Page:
FDA Okays First Treatment for Generalized Pustular Psoriasis

The US Food and Drug Administration (FDA) has approved the biologic agent spesolimab (Spevigo) for the treatment of flares in adults with generalized pustular psoriasis (GPP), the company has announced.

“GPP flares can greatly impact a patient’s life and lead to serious, life-threatening complications,” Mark Lebwohl, MD, principal investigator in the pivotal spesolimab trial, said in a company news release.

“The approval of Spevigo is a turning point for dermatologists and clinicians. We now have an FDA-approved treatment that may help make a difference for our patients who, until now, have not had any approved options to help manage GPP flares,” said Lebwohl, dean for clinical therapeutics and professor of dermatology, Icahn School of Medicine at Mount Sinai, New York.

Spesolimab is a novel, selective monoclonal antibody that blocks interleukin-36 signaling known to be involved in GPP. It received priority review and had orphan drug and breakthrough therapy designation.

GPP affects an estimated 1 of every 10,000 people in the US.

Though rare, GPP is a potentially life-threatening disease that is distinct from plaque psoriasis. GPP is caused by the accumulation of neutrophils in the skin. Throughout the course of the disease, patients may suffer recurring episodes of widespread eruptions of painful, sterile pustules across all parts of the body.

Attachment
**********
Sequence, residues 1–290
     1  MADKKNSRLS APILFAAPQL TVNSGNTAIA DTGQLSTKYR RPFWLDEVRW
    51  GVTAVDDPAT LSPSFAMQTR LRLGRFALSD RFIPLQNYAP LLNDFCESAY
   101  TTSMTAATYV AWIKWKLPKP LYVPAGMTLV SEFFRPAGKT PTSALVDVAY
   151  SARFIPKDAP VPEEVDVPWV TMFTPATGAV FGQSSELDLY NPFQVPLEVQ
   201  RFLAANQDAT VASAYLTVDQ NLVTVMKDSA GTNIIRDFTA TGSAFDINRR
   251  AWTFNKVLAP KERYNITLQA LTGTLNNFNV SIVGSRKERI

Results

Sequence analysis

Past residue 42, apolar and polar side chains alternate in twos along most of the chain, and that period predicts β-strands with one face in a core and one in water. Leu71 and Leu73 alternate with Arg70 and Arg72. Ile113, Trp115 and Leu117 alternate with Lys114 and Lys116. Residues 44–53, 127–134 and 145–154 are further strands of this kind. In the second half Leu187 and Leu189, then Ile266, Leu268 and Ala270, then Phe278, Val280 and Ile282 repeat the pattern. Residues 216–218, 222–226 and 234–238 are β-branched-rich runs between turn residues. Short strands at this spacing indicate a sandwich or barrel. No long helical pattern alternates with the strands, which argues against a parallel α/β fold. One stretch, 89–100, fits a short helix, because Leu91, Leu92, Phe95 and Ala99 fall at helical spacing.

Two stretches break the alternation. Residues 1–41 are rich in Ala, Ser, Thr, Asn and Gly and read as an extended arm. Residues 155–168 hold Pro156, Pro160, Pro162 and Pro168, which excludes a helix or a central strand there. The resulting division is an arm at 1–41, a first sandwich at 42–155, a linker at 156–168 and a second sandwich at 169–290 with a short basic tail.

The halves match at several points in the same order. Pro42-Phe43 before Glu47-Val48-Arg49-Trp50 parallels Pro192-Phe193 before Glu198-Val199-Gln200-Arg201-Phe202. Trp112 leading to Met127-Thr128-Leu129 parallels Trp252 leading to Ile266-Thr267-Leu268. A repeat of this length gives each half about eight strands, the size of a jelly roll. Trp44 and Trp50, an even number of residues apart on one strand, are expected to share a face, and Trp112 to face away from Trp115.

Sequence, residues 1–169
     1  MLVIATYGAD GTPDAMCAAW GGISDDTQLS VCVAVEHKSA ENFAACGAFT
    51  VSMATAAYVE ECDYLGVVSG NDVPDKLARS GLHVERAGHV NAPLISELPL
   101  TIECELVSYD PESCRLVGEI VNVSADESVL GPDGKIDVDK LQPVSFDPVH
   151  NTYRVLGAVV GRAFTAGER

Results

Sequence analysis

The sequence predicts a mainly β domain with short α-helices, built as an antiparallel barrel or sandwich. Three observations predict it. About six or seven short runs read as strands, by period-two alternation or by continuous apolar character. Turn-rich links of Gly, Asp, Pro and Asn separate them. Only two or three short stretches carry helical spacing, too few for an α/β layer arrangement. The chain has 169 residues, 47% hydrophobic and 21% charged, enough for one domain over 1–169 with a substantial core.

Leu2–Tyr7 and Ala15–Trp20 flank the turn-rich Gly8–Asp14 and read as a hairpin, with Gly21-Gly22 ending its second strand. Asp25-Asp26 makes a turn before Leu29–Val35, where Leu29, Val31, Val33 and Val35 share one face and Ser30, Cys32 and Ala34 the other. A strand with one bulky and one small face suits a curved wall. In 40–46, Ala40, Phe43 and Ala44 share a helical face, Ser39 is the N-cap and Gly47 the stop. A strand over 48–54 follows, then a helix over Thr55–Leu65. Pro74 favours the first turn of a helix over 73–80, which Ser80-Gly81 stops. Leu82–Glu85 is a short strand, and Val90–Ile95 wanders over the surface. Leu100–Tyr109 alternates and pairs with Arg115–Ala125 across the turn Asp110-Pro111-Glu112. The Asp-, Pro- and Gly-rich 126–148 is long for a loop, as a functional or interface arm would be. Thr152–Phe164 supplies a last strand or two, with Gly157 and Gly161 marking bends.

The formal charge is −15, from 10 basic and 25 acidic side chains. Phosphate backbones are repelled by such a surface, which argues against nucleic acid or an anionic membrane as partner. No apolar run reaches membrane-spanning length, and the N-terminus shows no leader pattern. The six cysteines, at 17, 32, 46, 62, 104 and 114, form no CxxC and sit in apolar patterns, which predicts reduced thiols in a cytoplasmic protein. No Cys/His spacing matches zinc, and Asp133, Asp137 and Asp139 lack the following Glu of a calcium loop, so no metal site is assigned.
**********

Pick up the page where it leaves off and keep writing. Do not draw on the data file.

Spesolimab was evaluated in a global, 12-week, placebo-controlled clinical trial that involved 53 adults experiencing a GPP flare. After 1 week, significantly more patients treated with spesolimab than placebo showed no visible pustules (54% vs 6%), according to the company.

The most common adverse reactions, seen in at least 5% of patients treated with spesolimab, were asthenia and fatigue; nausea and vomiting; headache; pruritus and prurigo; hematoma and bruising at the infusion site; and urinary tract infection.

Full prescribing information and a medication guide are available online.

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